Moeen Ali says T20 cricket has changed beyond recognition since he first experienced the short format of the game 14 years ago.

The England and Worcestershire all-rounder admits it had “almost a benefit match feel” when looking back at his initial memories of the competition.

It is a completely different scenario circa 2019 with Moeen having experienced the Indian Premier League for the past two years and now preparing to lead Worcestershire Rapids into Vitality Blast finals day for the second time.

He said: “It was a lot different in the early days. It was light-hearted although still competitive. It wasn’t taken as seriously as is now.

“It has evolved and become one of the best formats of the game very quickly.

“It almost had a benefit match feel to it. I was at Warwickshire for my first games. We had a quarter-final versus Surrey, I was 12th man, and it was just bizarre, quite different.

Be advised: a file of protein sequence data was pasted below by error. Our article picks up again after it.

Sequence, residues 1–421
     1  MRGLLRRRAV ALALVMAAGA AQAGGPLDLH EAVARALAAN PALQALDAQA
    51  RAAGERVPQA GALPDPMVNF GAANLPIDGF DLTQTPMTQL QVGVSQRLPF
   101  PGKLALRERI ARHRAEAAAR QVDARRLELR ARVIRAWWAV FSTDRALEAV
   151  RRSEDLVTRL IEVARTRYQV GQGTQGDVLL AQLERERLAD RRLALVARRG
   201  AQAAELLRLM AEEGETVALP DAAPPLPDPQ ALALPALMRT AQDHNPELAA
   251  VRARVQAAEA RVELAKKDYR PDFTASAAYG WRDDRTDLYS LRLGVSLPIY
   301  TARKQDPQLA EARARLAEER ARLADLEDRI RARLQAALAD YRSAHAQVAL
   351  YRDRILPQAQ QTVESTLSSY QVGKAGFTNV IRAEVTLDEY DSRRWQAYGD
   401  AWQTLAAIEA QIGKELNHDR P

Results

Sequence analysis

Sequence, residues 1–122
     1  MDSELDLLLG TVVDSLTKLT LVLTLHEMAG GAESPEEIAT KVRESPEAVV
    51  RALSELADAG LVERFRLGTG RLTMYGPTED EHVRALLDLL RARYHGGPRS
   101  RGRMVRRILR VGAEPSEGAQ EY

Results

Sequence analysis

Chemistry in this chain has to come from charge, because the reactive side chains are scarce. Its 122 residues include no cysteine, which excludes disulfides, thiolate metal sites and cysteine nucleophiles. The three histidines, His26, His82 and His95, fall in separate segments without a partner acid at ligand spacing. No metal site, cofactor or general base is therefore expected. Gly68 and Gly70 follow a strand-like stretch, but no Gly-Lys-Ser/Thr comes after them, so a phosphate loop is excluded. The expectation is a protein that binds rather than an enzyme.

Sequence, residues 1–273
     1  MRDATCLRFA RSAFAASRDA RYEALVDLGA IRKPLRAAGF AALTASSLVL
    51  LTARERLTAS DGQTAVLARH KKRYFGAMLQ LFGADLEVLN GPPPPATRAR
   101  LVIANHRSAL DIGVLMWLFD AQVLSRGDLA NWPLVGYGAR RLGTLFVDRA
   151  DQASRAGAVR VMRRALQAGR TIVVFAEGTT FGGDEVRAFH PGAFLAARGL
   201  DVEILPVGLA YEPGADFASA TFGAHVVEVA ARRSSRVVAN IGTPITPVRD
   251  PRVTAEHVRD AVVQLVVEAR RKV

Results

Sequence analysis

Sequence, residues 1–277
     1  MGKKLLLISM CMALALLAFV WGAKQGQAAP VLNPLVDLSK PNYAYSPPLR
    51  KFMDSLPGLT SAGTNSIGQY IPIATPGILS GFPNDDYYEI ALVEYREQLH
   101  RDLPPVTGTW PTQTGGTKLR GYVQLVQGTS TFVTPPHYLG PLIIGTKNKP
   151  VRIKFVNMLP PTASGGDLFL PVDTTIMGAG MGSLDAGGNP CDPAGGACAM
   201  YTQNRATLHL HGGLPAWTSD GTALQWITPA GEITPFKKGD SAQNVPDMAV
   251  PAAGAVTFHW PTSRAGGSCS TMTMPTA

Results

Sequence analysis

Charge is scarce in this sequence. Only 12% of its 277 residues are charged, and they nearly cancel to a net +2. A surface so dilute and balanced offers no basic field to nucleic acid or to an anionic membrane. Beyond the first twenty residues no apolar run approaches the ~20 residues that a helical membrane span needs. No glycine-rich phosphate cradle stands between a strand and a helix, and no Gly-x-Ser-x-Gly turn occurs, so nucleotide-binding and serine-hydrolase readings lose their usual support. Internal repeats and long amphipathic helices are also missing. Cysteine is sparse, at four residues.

“It has changed now, a lot more serious a lot more tactics.

“We experienced finals day for the first time last year and had an amazing day, obviously winning it, but the whole atmosphere and the way the day is run is fantastic.

“Credit to the organisers and it is an amazing event. It is exactly that, an event.”

Moeen believes T20 cricket has also rescued many careers with many players now specialists.

He can also see how facets of the game have become part and parcel of other formats including Test cricket.

Ben Stokes’ reverse sweep shot for six off Nathan Lyon in his memorable innings for England in the Ashes win at Headingley as a prime example.

Moeen said: “People are more confident and practice those shots more – like the one Ben played – and are not afraid to play them and it’s becoming like a normal shot now.

“It has been great for cricket, great for players – and saved a lot of careers as well.

“There are bowlers and batters out there who probably wouldn’t have been around too much if it wasn’t for T20.

“I’m talking about people like leggies (leg spinners) and bowlers out there who were probably not too good for 50 over or Championship cricket but are perfect for T20 cricket.

“You can make a good living out of all the tournaments? One hundred per cent. That’s what people want. They want to watch that.

“We are very lucky in England that people still want to watch Test cricket but around the world it is different.”